A cheetah has been spotted at Media City in Dubai. Further details to come Image Credit: Supplied image

Dubai: How about a cheetah for a pet?

That's what an unknown owner showed when he walked around with the world's fastest animal on a leash at the Dubai Media City on Wednesday evening.

The sight of the big cat prancing around caused a commotion among people who spotted it outside the OSN Showtime building, just after 6pm.

"The cheetah was walking about the parking lot for about 20 minutes, being held on a leash by a man who was keen to show it off," said Jane, an expatriate who works at the Media City. Many onlookers on their way home, double-parked their vehicles to have a closer look at the surreal spectacle.

"Initially, I thought there was an accident. When they realised what was going on, people started crowding around. Where in your life can you ever have a cheetah for a pet? It was beautiful — too docile. It seemed very domesticated. I saw people petting it," said Jane, who took pictures of the animal.


"But when a car jam-braked nearby, the animal got agitated and restless."

After a while, the owner just picked it up and put it inside his white Porsche Cayenne.

Dr Reza Khan, an expert at the Dubai Zoo, has identified the animal as a sub-adult African cheetah, probably less than 12 months old. He wondered how the cheetah, an endangered species, landed in private hands in Dubai.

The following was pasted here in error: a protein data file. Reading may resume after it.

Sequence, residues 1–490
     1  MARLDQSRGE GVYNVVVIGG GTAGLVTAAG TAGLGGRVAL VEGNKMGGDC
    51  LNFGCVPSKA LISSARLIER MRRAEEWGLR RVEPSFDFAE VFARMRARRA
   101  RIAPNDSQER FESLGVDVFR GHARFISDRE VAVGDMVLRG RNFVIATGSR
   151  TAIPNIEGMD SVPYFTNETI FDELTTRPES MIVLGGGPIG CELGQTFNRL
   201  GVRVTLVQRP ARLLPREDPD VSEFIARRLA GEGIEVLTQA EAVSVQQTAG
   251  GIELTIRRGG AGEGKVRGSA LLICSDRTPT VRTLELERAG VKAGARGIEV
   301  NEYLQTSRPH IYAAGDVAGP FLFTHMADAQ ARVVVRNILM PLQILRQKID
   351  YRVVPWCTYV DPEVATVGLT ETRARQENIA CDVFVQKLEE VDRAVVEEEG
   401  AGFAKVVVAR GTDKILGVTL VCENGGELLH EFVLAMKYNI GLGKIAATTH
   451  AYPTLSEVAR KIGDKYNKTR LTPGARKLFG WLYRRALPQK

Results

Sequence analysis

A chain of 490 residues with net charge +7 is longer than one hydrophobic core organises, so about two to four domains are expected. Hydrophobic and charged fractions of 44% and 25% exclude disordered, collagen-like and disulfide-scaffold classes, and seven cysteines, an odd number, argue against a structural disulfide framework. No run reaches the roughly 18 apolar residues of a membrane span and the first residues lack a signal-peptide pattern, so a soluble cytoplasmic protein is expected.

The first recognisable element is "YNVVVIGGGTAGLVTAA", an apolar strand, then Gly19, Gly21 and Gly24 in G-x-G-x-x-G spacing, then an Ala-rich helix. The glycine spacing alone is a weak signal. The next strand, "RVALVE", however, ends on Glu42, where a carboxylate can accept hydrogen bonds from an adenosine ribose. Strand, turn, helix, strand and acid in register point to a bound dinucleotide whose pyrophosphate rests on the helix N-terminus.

"Cheetah is on the list of endangered animals as per IUCN (International Union for Conservation of Nature) Red List and in Cites (Convention on the International Trade of Endagered Specicies) Appendix I," he said.

‘Cannot be traded'

"So, it cannot be traded and procured from any country without a Cites permit," said Dr Khan, a member of IUCN's World Commission on Protected Areas.

"No wild animal should be kept on leash and be walked through public places. Wild cats are dangerous to the public … Wildlife is always best in its natural habitats, not in human company," he said.


Cheetah is considered to be a dying breed of cat because almost all the cheetahs alive today have come out of a small gene pool and through too much in-breeding.

As a species, its genetic base is too narrow and few survive in nature.